Gurajada Venkata Apparao (21 September 1862 – 30 November 1915) was a noted Indian playwright, dramatist, poet, and writer known for his works in Telugu theatre. Rao wrote the play Kanyasulkam in 1892, which is often considered the greatest play in the Telugu language. One of the pioneers of Indian theatre, Rao holds the titles Kavisekhara and Abyudaya Kavitha Pithamahudu. In 1910, Rao scripted the widely known Telugu patriotic song “Desamunu Preminchumanna”.
In 1897, Kanyasulkam was published (by Vavilla Ramaswamy Sastrulu and Sons, Madras) and dedicated to Maharaja Ananda Gajapati. Apparao (along with his brother Syamala Rao) wrote several English poems. His Sarangadhara, published in “Indian Leisure Hour”, was well received. The editor of the Calcutta-based “Rees and Ryot”, Sambhu Chandra Mukherji read it and re-published it in his magazine. Gundukurti Venkata Ramanayya, editor of the “Indian Leisure Hour”, encouraged Apparao greatly during the same period. In 1891, Gurajada was appointed to the post of Epigraphist to the Maharaja of Vizianagaram.
Gurajada married Appala Narasamma in 1885. He continued his studies and graduated with B.A. (Philosophy major and Sanskrit minor) in 1886. For some period during 1886, he worked as Head Clerk in the Deputy Collector’s office. On Vijayadasami day, 1887, he joined as a Lecturer (Level IV) in M.R. College with a salary of Rs.100. Around the same time, he was introduced to Maharajah Pusapati Ananda Gajapati Raju (1850–1897).
In 1905, Gurajada’s mother died. In 1906, his close friend P.T. Srinivasa Iyyangar, principal of Mrs. A.V.N. College, Visakhapatnam started an association to promote curriculum reform in high schools. One of the chief aims was to introduce spoken dialects. Along with him, J.A. Yates (1874–1951) -a British civil servant, Gidugu and Gurajada were the principal members. Another friend S. Srinivasa Iyengar (1874–1941) also gave a lot of support and encouragement. Incidentally, this Srinivasa Iyengar was a well-known lawyer and was the President of AICC (All India Congress Committee) annual session at Guwahati in 1926. Gurajada’s childhood friend and classmate in Chipurupalli, Gidugu Rammurty (1863–1940) was his school of thought.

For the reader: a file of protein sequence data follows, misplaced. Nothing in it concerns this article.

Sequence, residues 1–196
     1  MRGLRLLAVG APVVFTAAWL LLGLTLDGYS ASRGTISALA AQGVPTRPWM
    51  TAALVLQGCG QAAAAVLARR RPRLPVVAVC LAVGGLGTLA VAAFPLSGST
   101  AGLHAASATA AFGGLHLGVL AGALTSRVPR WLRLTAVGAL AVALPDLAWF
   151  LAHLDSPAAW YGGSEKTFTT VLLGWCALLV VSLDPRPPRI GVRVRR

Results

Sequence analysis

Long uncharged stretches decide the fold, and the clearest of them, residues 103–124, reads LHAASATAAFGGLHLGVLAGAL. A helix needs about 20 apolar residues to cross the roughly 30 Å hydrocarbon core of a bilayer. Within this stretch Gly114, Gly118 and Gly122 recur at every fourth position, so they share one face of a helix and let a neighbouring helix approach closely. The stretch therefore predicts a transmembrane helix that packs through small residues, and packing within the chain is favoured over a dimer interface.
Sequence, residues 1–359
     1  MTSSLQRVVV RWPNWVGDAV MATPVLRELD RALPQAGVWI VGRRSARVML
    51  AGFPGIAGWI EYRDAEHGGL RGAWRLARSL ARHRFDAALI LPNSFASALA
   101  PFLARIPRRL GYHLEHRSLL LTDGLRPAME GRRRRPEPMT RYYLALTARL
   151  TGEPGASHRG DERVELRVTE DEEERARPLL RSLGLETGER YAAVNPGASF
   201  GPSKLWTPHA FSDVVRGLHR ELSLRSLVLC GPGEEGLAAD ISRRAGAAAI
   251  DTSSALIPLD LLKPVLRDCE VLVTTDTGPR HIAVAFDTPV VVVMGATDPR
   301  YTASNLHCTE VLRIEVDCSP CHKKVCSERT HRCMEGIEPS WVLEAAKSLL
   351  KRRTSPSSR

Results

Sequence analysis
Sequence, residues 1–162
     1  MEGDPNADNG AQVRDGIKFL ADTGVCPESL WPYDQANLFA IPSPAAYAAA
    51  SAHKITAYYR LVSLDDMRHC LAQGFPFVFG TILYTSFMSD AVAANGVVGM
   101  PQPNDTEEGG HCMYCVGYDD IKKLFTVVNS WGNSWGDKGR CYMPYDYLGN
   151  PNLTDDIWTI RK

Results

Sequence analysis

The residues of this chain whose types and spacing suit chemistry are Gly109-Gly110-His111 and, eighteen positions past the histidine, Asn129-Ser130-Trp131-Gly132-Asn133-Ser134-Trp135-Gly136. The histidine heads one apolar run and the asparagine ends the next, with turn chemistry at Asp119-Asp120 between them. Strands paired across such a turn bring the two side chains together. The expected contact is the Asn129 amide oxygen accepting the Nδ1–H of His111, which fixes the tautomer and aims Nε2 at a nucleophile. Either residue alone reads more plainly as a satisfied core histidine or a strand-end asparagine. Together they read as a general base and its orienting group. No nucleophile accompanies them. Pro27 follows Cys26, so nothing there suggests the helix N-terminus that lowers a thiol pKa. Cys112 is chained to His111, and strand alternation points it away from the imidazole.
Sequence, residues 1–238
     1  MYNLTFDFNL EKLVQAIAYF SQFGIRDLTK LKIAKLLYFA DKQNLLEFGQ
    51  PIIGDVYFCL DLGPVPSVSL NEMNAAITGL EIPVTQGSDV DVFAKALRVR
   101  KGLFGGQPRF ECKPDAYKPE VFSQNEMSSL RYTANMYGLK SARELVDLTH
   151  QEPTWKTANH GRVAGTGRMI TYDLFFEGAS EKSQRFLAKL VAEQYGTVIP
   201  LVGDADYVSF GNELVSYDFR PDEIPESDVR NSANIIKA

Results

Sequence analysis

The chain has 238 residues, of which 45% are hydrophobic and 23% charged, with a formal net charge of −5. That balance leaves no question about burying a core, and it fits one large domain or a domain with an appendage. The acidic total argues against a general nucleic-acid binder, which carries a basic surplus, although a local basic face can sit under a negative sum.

Gurajada lived most of his life in and around Vizianagaram in what was then called as Kalinga Rajyam. He and his father before him were both employed by the princely state of Vizianagaram. Gurajada enjoyed a close relationship with the ruling family during his adult life. He had his initial schooling in Cheepurupalli while his father was working there. His remaining schooling was done at Vizianagaram after his father died. During that time, he was taken care of by the then M.R. College Principal, C. Chandrasekhara Sastri who provided him free lodging and boarding. He completed his matriculation in 1882 and obtained F.A. in 1884. Soon after, he was employed as a teacher in M.R. High School in 1884 with a salary of Rs.25.
In 1887, Gurajada spoke at a Congress Party meeting in Vizianagaram. His daughter Voleti Lakshmi Narasamma was born in 1887. He was simultaneously involved in social work and became a member of the Voluntary Service Corps in Visakhapatnam in 1888. He was elected vice-president of the Ananda Gajapati Debating club in 1889. His son Gurajada Venkata Ramadasu was born in 1890. In 1891 he was promoted to Lecturer (Level III) with a salary of Rs.125. He taught the F.A. and B.A. classes several subjects including English Grammar, Sanskrit Literature, Translation, Greek and Roman Histories. His younger brother Syamala Rao died in 1892 while studying at Madras Law College.
In 1911, he was appointed to the Board of Studies by Madras University. The same year, Gurajada and his friends started the Andhra Sahitya Parishat to promote use of spoken dialects. The next year, he was invited to attend the meeting of the Bangeeya Sahitya Parishat (Bengal Literary Association) at Calcutta.
Gurajada retired in 1913, and the then Madras University honored him with the title “Emeritus Fellow”.He died on 30 November 1915.
Kanyasulkam is about the deplorable condition of widows in traditional Brahmin families in the Andhra region of India during the 19th century. The play is a highly thought-provoking social drama dealing with social issues relevant to the time. Gurajada Apparao was deeply troubled by the double standards, hypocrisy and social inequalities in the Indian society. The English preface to the first edition of his play states: “Such a scandalous state of things is a disgrace to society, and literature can not have a higher function than to show up such practices and give currency to a high standard of moral ideas. Until reading habits prevail among masses, one must look only to the stage to exert such healthy influence.”
Perhaps for the first time in Telugu literary history, a prostitute was given a very positive image so much so that she is shown to better the lives of many people during the course of the play. The play is ageless in the sense that its projection of the Indian mindset and psyche is very relevant and applicable in Indian Society today. The play was, in some ways, ahead of its time and was very bold in criticizing the popular opinions and practices during that era. It frequently jabs at the male-dominated society of India, by bringing to the forefront certain egoistic idiosyncrasies of a typical Indian male, in an unflattering manner. It also questions the practices of witchcraft, sorcery, and their popular usage in medical practice during that period in India.